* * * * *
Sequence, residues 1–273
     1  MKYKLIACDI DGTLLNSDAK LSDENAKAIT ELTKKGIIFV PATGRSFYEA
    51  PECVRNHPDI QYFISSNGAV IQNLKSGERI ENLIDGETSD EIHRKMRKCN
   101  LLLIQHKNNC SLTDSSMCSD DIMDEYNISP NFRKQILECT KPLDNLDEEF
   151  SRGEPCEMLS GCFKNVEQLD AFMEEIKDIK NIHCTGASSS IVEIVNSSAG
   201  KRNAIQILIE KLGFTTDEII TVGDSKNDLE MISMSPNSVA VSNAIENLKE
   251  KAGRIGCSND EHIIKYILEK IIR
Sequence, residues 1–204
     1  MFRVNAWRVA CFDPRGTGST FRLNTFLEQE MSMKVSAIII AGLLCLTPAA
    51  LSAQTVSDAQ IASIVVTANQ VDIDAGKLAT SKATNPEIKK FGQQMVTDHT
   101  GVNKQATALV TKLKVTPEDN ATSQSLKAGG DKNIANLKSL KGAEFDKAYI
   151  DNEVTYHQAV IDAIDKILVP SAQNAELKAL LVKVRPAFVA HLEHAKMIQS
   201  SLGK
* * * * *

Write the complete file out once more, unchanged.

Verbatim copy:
Sequence, residues 1–273
     1  MKYKLIACDI DGTLLNSDAK LSDENAKAIT ELTKKGIIFV PATGRSFYEA
    51  PECVRNHPDI QYFISSNGAV IQNLKSGERI ENLIDGETSD EIHRKMRKCN
   101  LLLIQHKNNC SLTDSSMCSD DIMDEYNISP NFRKQILECT KPLDNLDEEF
   151  SRGEPCEMLS GCFKNVEQLD AFMEEIKDIK NIHCTGASSS IVEIVNSSAG
   201  KRNAIQILIE KLGFTTDEII TVGDSKNDLE MISMSPNSVA VSNAIENLKE
   251  KAGRIGCSND EHIIKYILEK IIR
Sequence, residues 1–204
     1  MFRVNAWRVA CFDPRGTGST FRLNTFLEQE MSMKVSAIII AGLLCLTPAA
    51  LSAQTVSDAQ IASIVVTANQ VDIDAGKLAT SKATNPEIKK FGQQMVTDHT
   101  GVNKQATALV TKLKVTPEDN ATSQSLKAGG DKNIANLKSL KGAEFDKAYI
   151  DNEVTYHQAV IDAIDKILVP SAQNAELKAL LVKVRPAFVA HLEHAKMIQS
   201  SLGK